Céline Sciamma’s critically acclaimed tale of a silently rebellious love on a strange island, set in the 18th century, starts with a splash.
A woman throws herself into restless waters when her possessions are thrown out of the small boat taking her to a near desert island off the Britanny coast. Marianne (Noémie Merlant) is a painter, commissioned to create a portrait of a young woman, Héloïse (Adèle Haenel).
This is a preliminary to Héloïse’s marriage to a Milanese nobleman, or so her mother (Valeria Golino) hopes. Héloïse is her mother’s ticket to freedom – an escape from the isolation of a dour windswept house, and a return to the luxurious sophistication of a grand city.
There’s a catch. There are several catches. Héloïse is her mother’s second chance; her older sister, a first chance snuffed out a fall of a cliff. By accident or design, the younger sister, now dragged from her convent, is set on a new path. But she will not have her portrait painted, and without it, there cannot be a marriage offer. A first painter has had to down paintbrushes. Now Marianne has arrived to take on this arduous task, and this can only be achieved by deceit. Be my daughter’s companion, the mother says, look at her, and then paint her from memory.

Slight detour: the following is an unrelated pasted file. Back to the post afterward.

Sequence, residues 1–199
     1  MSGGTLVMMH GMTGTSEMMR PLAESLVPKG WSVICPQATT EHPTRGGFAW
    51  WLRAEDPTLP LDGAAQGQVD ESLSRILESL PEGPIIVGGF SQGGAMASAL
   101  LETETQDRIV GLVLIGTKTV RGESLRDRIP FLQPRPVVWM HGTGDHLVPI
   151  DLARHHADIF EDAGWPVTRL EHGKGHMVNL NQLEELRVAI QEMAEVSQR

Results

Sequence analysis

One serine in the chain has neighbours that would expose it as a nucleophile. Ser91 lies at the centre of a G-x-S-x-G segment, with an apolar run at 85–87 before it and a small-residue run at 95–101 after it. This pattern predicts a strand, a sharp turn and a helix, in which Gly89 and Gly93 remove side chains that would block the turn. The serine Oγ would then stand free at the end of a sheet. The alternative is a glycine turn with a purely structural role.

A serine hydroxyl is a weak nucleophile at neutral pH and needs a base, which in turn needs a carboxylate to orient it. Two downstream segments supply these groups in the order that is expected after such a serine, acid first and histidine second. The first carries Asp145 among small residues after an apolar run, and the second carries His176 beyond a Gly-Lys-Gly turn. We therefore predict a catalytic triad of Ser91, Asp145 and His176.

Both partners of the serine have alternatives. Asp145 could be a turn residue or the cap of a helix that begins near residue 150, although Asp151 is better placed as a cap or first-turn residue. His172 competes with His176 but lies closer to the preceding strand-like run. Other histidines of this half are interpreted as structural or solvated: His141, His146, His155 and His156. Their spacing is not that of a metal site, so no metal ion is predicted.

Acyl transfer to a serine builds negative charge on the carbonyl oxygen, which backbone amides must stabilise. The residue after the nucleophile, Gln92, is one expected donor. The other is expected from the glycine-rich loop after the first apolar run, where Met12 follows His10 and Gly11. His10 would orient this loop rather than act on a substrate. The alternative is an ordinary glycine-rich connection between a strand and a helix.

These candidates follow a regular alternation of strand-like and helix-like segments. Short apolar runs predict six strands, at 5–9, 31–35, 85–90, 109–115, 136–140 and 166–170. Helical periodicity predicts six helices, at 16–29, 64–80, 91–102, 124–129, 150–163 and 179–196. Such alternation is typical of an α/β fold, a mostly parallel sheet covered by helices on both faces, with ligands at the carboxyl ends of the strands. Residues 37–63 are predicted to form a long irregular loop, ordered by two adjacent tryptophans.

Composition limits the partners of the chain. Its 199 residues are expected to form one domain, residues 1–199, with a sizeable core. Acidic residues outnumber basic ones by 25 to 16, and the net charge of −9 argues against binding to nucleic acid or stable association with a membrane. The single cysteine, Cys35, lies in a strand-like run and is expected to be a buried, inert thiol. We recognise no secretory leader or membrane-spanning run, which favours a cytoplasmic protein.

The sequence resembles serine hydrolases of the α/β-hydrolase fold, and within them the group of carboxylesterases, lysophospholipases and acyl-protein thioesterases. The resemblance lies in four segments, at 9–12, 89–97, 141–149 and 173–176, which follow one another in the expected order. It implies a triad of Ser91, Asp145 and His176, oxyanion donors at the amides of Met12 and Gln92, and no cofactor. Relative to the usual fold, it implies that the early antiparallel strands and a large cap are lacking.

Marianne’s constant stolen glances at Héloïse can be read in so many ways, and in that austere and spartan house, inhabited by only four women, mother, daughter, painter and a maid, Sophie (Luàna Bajrami), a love story of sorts starts, and perhaps never ends.
There is an austerity to this love, a withholding, and this is perhaps not surprising. It starts with betrayal, after all, and this quiet passion, full of new discoveries, takes place in a household of supremely self-possessed and independent women, with divergent destinies. These are also lives which though devoid of men’s physical presence, for a moment, are almost completely pre-determined and framed by them – and in a way, so is, perhaps, this film.
What is left is inner freedom, and this is powerfully – and rythmically expressed during a high point in the film – as islander women stand around a bonfire at night, and sing a wonderfully anachronistic tune by Para One (aka Jean-Baptiste Laubier) and Arthur Simonini, and inspired by Ligeti – remember Kubrick’s 2001? – with haunting words into which one can read so much: Non Possum Fugere – I cannot flee, and Nos Resurgemus – We Rise Again – but are, it seems, a riff on Nietzsche with possibly a different meaning.
“Portrait of a Lady on Fire” is an elegant and highly formal story, with an economy of style which brings the viewer’s gaze back, time and again, to its protagonists’ own gaze. The constant looking and looking back, between painter and subject, between lovers, is also a negotiated contract – trust and power changing hands.
The script, which won best screenplay at Cannes in 2019, provides a source of never-ending disquisitions on a multiplicity of topics, from the power of the gaze, to Orpheus’s choice to turn back and look at his dead beloved wife and thus losing her forever – and to the symbolism of a painter’s work, which is, as well-known and as Marianne herself says, only finished when the painter decides to stop.
Director and Writer Céline Sciamma
DoP Claire Mathon
With Noémie Merlant, Adèle Haenel, Luàna Bajrami, Valeria Golino, Christel Baras